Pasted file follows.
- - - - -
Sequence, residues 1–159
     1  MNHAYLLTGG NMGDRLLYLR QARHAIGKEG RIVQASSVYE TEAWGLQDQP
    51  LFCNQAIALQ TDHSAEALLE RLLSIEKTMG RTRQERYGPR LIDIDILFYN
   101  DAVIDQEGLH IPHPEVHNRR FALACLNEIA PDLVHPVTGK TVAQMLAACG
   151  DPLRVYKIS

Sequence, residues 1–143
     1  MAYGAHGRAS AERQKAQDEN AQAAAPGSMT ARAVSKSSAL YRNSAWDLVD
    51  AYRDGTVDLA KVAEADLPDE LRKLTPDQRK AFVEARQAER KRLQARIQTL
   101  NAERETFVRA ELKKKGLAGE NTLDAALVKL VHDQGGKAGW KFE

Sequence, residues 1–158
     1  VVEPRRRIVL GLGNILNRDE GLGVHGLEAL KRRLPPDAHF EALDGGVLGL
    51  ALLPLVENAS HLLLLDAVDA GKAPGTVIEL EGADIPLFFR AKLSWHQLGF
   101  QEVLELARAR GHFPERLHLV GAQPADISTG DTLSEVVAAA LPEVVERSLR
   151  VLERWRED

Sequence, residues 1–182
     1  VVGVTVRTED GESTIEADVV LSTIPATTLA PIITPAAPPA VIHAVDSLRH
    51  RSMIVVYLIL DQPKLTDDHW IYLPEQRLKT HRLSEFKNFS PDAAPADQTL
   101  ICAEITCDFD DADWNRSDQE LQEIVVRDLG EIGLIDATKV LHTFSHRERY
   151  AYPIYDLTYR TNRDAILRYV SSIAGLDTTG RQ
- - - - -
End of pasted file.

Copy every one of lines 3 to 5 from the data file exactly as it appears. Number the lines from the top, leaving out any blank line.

    51  LFCNQAIALQ TDHSAEALLE RLLSIEKTMG RTRQERYGPR LIDIDILFYN
   101  DAVIDQEGLH IPHPEVHNRR FALACLNEIA PDLVHPVTGK TVAQMLAACG
   151  DPLRVYKIS